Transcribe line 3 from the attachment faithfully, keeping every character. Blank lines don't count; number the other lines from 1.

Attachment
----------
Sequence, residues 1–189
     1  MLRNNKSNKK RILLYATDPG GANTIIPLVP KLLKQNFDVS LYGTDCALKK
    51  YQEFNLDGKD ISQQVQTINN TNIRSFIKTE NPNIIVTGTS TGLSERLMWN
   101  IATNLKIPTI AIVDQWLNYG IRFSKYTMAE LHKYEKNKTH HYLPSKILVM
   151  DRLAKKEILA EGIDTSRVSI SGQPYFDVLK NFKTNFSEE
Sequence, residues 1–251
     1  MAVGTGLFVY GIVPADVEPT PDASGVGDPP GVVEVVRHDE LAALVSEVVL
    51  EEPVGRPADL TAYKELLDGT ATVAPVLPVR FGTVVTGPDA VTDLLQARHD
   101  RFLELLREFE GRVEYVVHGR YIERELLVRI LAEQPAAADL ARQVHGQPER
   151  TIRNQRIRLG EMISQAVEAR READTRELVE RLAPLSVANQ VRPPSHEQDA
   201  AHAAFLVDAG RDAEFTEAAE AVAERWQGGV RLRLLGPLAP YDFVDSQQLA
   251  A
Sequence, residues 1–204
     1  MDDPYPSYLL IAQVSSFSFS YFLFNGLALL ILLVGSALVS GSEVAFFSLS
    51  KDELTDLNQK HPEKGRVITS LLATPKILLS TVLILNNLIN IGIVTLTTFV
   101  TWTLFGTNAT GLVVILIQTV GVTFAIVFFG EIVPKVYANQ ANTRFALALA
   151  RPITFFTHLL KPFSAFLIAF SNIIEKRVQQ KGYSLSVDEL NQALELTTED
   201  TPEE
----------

    51  YQEFNLDGKD ISQQVQTINN TNIRSFIKTE NPNIIVTGTS TGLSERLMWN